Crypto News: Stablecoin Bill Likely to Hit a Wall in Congress

An image of several cryptocurrencies in a circle around a geodesic sphere.

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This week, cryptocurrency news focuses on Congress, which is in the final week of the August break. Politicians are starting to descend again in the capital and, as has been the trend this year, cryptocurrencies are one of their biggest topics of discussion. Several bills have emerged in recent months, though none seemed closer to an actual vote than a particular stablecoin bill. While it is taking shape, however, even this piece of legislation could be doomed due to poor communication.

Some lawmakers have become very interested in cryptocurrencies lately and how to regulate the industry. Of course, the first bills have already surfaced with some preliminary calls to action. Until earlier this year, however, these efforts were not taken seriously. That was until President Joe Biden signed his cryptocurrency executive order.

This summer, investors have seen some real progress on the cryptocurrency front. The most notable legislation is the bipartisan bill by Senators Cynthia Lummis and Kirsten Gillibrand to regulate the market. This piece of legislation is fueling a debate on whether to give the Commodity Futures Trading Commission (CFTC) or the US Securities & Exchange Commission (SEC) greater regulatory power.

While that bill appears to be stagnating, lawmakers are also taking an interest in stablecoins. This is largely due to the scrutiny the stablecoin market has been subjected to following the May crash Land (MON-USD) cryptographic network and its stablecoin. At the time, the native Earth stablecoin and many others broke free, causing widespread panic among owners.

Cryptocurrency News: The Stablecoin account looks set to vanish

The influx of bearish crypto news is prompting Congress to produce a legislature that better protects investors. However, as it turns out, at least one of the two major stablecoin stocks will likely wither on the committee.

One such bill, drafted by Senator Pat Toomey, would force stablecoin suppliers to be transparent with their reserves. Currently, suppliers are not required to disclose the underlying assets and to preserve the anchored values ​​of their coins. Therefore, they may choose to replenish these reserves with an assortment of assets. This bill would influence companies to keep only strong reserve assets like USD rather than commercial paper.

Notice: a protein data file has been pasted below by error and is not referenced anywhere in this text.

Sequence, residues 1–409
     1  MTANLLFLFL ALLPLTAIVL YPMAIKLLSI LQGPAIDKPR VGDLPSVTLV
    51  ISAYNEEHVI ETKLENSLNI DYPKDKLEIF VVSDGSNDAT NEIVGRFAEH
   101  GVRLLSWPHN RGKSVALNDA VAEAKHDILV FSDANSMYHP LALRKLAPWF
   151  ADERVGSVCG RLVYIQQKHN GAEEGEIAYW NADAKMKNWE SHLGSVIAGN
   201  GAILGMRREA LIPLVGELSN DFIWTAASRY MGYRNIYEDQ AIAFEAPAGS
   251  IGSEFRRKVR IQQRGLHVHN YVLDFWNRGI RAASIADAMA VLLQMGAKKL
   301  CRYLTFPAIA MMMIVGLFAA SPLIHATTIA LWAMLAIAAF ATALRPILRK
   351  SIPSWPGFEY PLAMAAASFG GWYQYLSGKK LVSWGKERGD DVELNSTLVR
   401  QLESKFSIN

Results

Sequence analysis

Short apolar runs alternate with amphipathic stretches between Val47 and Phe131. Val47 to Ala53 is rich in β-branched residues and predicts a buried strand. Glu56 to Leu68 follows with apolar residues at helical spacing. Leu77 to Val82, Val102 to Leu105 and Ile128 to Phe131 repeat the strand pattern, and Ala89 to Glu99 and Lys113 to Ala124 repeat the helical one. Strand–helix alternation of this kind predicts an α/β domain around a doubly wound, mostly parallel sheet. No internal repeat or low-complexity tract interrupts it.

Another bill, by House members Maxine Waters and Patrick McHenry, aims for similar purposes. The bill would require the value of reserve assets to be maintained at a 1 to 1 ratio with stablecoin supplies. This is another thing that companies are not required to do by law. Many don’t, especially the controversial algorithmic stablecoins.

The August break for Congress turned out to be positive for Toomey’s bill as it seeks bipartisan support to bolster its likelihood of approval. But the Waters and McHenry bill is another story. These members hoped to put their bill to a vote before the break. It didn’t happen.

Now, experts say the likelihood of the bill seeing approval – or even a vote – has dramatically decreased. As this is a mid-term year, many congressmen are shifting their focus to re-election. These members are therefore looking for bigger problems. Whispers suggest the bill could see a committee vote in mid-September. But if it slips through the cracks, investors may have to wait until 2023, during the next Congress session: to see any progress.

As of publication date, Brenden Rearick did not hold (either directly or indirectly) any position in the securities referred to in this article. The views expressed in this article are those of the writer, subject to the Publishing Guidelines.

Brenden Rearick is a financial news writer for InvestorPlace’s Today’s Market team. He mainly deals with digital assets and tech stocks, with a focus on cryptocurrency regulation and DeFi.

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